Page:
President Barack Obama is not the only high profile candidate for public office who portrays himself as the champion of the middle class. Right now, in Massachusetts, Elizabeth Warren, a longtime Harvard Law School professor, is projecting that same image in her determined run to displace Senator Scott Brown in next November’s election. Warren catapulted to fame in the Obama administration as the intellectual stimulus behind the creation of the Consumer Financial Protection Board, now headed by Richard Cordray after a controversial recess appointment.
Now that Warren is free of her institutional obligations at the federal level, she has come out swinging on a large number of issues dear to progressive hearts. Her most powerful statement is posted conspicuously on moveon.org. Its call to arms requires a restrained and rational answer.
Here is her manifesto in full:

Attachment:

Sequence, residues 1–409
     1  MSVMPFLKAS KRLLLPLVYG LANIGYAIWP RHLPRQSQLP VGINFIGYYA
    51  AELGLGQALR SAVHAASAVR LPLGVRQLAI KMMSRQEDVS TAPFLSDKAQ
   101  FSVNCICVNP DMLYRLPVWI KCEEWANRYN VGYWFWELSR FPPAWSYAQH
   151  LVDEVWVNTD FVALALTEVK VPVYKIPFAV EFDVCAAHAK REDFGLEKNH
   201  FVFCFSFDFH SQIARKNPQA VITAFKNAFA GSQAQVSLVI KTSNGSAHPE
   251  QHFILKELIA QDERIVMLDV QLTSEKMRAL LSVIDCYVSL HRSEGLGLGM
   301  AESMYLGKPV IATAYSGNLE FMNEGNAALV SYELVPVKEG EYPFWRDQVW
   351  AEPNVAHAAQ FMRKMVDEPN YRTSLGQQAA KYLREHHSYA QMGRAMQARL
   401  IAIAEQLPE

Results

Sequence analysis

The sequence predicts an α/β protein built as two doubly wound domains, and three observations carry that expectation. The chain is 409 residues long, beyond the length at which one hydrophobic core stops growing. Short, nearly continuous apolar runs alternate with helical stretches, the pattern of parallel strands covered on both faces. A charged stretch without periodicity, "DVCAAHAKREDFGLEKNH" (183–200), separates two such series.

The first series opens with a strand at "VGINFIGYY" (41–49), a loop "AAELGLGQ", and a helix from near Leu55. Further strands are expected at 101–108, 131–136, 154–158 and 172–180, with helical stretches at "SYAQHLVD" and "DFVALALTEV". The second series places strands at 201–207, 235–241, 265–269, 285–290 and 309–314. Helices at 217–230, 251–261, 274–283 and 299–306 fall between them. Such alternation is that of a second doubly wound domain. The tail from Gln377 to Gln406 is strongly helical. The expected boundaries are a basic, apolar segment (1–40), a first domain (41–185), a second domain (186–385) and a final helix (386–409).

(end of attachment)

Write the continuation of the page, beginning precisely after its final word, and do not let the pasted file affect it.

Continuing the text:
There is nobody in this country who got rich on his own. Nobody. You built a factory out there—good for you!
But I want to be clear. You moved your goods to market on the roads the rest of us paid for. You hired workers the rest of us paid to educate. You were safe in your factory because of police forces and fire forces that the rest of us paid for. You didn’t have to worry that marauding bands would come and seize everything at your factory, and hire someone to protect against this, because of the work the rest of us did. Now look, you built a factory and it turned into something terrific, or a great idea—God bless. Keep a big hunk of it.
But part of the underlying social contract is you take a hunk of that and pay forward for the next kid who comes along.
Her first sentence is meant as a direct assault on the notion of radical individualism. Yes, it is obvious that no person “ever got rich on his own.” But that statement does nothing to undermine sensible forms of laissez-faire individualism. The reason why people do not get rich by themselves is not that they lack self-reliance or ambition. It is because the individuals who succeed understand the key proposition that personal gains result only through cooperation with others. The common business school refrain of win/win deals is not an observation about one person: it is, at its core, about two (or more) people, all of whom win through cooperative arrangements.
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